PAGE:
Getting what you want means that you know what you want and what you don’t want. Getting what you want your way means having control over what you agree to. No one can – or should – do that for you. It’s your money.

Dealing with Real Estate Agents

Each time I buy or sell a house, I have to deal with real estate agents. There is no real way to avoid this. When I’m selling, I have to deal with one to sell my place and many more who show my home to prospective buyers. When I’m buying a house, I again have one who shows me the houses I’m interested in buying plus all of the ones who have the houses listed that I want to buy. When I’m selling my house, I have to select a real estate agent. Many questions come to mind. Do I choose the one I dealt with last? The one who helped me buy this place? Do I find someone new? Do I search for a real estate agent who is cheaper, that is, who doesn’t charge the full 7 percent commission? Do I throw an arrow at a picture and choose the unlucky sap that I pierce? Choosing a real estate agent is as bothersome as figuring out how to get a Hobart Handler 190 MIG welder started up.

This has been a dilemma and it’s hard! I really have a problem with paying such a high commission. And when you’re the seller is when you pay the commission. The last time I sold a house, I chose a real estate agent I’d used before because he charged less than the 7 percent. Granted the 7 percent commission is split between the seller’s (my) real estate agent and the buyer’s real estate agent but still. I think a $7,000 fee when selling a $100,000 house is a boatload of money! I get angry when I think about this money that I lose so I simply choose to not think about it. It gets me nowhere after all. So I just pull a Scarlett O’Hara and think to myself “I’ll think about that tomorrow.” I could get my real estate license and save (or keep) my portion of the commission. I could have saved thousands of dollars over the years. Could-a should-a would-a.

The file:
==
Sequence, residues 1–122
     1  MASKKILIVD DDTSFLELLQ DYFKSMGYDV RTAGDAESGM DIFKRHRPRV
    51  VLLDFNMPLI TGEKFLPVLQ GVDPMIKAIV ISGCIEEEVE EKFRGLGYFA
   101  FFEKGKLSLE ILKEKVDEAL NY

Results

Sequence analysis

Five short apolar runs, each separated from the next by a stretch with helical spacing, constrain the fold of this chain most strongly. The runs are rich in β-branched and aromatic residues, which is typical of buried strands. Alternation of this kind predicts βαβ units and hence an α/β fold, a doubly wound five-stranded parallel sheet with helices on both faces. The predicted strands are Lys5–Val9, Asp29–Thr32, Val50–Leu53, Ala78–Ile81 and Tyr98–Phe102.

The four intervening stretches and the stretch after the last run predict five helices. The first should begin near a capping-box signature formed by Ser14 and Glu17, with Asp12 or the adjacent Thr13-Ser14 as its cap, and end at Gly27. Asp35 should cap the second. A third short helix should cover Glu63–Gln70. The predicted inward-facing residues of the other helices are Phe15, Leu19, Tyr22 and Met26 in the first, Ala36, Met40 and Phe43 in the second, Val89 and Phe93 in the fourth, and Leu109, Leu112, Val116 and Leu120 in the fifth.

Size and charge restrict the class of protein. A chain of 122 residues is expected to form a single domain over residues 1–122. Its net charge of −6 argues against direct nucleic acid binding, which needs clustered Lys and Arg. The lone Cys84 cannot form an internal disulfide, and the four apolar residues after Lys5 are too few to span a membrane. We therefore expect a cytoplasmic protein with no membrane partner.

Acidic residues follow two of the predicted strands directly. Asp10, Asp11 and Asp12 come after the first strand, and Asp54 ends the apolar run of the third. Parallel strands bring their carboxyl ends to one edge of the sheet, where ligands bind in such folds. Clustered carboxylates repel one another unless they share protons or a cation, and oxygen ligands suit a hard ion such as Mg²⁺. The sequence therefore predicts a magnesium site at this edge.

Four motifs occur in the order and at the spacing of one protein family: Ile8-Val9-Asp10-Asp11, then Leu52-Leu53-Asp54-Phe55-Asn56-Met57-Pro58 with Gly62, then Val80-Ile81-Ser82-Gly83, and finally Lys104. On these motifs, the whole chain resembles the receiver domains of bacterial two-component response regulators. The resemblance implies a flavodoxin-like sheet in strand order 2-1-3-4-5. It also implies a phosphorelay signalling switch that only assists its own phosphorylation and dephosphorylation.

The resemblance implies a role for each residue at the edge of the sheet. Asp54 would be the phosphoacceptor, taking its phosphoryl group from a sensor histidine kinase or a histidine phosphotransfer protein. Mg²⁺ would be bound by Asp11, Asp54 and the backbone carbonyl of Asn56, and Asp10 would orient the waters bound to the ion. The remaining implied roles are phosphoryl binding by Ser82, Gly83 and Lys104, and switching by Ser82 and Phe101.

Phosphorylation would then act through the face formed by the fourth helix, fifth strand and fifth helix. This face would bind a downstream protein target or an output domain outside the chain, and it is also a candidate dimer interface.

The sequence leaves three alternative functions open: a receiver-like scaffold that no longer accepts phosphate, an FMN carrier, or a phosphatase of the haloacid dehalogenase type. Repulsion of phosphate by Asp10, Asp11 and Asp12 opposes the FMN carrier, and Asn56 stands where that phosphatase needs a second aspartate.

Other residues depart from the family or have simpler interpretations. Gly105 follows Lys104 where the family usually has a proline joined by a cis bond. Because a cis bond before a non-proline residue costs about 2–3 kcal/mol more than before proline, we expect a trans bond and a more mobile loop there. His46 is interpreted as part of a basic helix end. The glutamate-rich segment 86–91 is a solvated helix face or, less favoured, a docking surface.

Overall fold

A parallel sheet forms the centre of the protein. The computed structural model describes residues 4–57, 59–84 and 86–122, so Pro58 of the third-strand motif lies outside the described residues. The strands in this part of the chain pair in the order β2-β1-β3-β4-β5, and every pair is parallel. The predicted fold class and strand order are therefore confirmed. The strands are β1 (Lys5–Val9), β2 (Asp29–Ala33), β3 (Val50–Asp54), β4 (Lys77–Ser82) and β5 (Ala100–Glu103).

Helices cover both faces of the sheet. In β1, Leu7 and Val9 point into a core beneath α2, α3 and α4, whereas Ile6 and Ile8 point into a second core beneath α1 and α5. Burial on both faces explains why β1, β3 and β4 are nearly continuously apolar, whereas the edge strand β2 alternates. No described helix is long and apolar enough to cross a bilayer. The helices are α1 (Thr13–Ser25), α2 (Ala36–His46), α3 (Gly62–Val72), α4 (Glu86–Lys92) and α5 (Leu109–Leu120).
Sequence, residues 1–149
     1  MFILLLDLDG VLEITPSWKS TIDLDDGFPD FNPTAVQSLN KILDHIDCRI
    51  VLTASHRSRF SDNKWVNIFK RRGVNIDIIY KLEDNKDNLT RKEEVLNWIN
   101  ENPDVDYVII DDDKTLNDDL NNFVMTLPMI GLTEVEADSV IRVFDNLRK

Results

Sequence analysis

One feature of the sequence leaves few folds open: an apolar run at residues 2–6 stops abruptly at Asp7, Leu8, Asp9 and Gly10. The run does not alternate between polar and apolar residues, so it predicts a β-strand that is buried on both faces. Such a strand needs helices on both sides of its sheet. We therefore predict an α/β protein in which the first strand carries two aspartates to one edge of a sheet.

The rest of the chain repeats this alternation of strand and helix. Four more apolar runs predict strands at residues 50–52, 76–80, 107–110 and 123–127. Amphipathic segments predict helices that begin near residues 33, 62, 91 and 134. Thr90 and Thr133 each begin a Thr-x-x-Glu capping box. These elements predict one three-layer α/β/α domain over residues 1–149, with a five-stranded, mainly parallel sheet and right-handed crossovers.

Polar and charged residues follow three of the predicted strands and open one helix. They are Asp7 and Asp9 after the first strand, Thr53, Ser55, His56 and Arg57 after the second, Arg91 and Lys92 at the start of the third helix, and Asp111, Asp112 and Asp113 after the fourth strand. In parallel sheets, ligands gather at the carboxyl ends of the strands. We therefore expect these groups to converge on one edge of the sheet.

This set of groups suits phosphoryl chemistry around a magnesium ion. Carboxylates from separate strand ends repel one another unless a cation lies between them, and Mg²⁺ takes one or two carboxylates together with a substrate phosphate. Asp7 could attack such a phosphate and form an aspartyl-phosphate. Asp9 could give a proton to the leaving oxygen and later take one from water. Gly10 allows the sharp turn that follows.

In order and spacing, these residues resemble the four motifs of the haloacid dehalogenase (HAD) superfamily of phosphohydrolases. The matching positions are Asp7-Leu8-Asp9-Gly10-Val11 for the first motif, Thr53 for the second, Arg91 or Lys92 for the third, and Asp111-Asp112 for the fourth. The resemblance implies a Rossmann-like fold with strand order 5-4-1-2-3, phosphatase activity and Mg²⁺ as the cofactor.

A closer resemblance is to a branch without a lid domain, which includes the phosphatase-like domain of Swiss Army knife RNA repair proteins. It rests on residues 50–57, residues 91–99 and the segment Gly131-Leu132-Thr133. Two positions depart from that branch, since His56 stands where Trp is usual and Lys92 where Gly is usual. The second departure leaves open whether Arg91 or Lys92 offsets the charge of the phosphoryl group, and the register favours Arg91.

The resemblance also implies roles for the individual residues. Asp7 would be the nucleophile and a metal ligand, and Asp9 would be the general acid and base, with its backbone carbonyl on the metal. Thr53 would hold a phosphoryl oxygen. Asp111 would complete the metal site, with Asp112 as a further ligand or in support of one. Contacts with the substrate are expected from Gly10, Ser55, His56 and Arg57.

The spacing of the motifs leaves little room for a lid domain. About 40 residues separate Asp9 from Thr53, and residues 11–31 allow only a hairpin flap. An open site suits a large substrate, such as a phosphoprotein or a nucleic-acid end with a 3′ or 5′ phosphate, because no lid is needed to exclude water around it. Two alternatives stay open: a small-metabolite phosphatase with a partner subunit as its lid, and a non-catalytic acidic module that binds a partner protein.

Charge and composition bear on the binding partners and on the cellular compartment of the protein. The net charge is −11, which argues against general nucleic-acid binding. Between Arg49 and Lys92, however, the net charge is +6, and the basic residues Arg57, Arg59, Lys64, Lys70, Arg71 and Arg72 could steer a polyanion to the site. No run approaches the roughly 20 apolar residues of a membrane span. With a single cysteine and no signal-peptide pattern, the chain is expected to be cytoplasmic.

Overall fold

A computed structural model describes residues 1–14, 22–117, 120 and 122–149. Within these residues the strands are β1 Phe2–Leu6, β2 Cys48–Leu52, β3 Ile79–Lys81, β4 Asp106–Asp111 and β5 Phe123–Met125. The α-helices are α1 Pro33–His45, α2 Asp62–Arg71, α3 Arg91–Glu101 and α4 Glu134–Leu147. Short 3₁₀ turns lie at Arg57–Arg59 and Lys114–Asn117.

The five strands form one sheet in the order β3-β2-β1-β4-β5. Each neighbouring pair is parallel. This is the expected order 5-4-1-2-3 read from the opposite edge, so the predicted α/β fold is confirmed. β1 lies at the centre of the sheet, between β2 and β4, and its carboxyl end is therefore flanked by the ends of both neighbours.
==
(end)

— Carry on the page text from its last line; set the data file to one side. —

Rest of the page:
When I’m buying a home, I have to choose someone who I want to sit in a car with and drive around looking at places that I frankly, will probably make fun of to a degree. “Did you see all of that crap stacked in the bathtub? Do they ever bathe?” Or “I really liked that condo but why would anyone paint a kitchen orange?” To which the real estate agent, defender of all decorating mishaps, might say “Oh, paint is cheap. You can always paint it!” Seriously, having to watch my tongue while viewing houses in the presence of a real estate agent, especially a prissy woman or a man who never says a negative thing, just adds to the stress of buying. And house hunting is stressful. For one thing, it’s a huge purchase. I take longer to pick out a good pair of shoes.

I try them on, walk around the store, look at my feet from all angels in those little tilted mirrors, feel my big toe, generally makes sure I can live with these things that cost, oh, around fifty to one-hundred dollars. But with a house, I walk in, make mental judgments about the throw pillows on the couch, wonder if they have a nice liquor assortment, open the medicine cabinets (to see how much room there is, not to snoop! Never to snoop!), and basically kick the tires like it’s a Big Wheels I’m buying. Why can’t we spend the night like on that one HGTV show? Take a shower and see if we really like that feature? Sit at the table in the morning and listen to the neighborhood waking up? But I have an idea that the real estate agents I’ve dealt with in the past would tell me I’m welcome to drive over in the morning to check all this out. “Just sit in your car. That’s a good idea. You’ll see what it’s like. Now, would you like to make an offer on this place we just spend ten minutes in?”